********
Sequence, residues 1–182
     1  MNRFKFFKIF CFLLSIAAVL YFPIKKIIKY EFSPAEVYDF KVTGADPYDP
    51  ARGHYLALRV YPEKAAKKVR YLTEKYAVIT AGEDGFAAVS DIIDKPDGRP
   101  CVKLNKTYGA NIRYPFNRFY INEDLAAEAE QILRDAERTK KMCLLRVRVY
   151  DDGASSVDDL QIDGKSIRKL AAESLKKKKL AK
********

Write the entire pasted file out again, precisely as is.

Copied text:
Sequence, residues 1–182
     1  MNRFKFFKIF CFLLSIAAVL YFPIKKIIKY EFSPAEVYDF KVTGADPYDP
    51  ARGHYLALRV YPEKAAKKVR YLTEKYAVIT AGEDGFAAVS DIIDKPDGRP
   101  CVKLNKTYGA NIRYPFNRFY INEDLAAEAE QILRDAERTK KMCLLRVRVY
   151  DDGASSVDDL QIDGKSIRKL AAESLKKKKL AK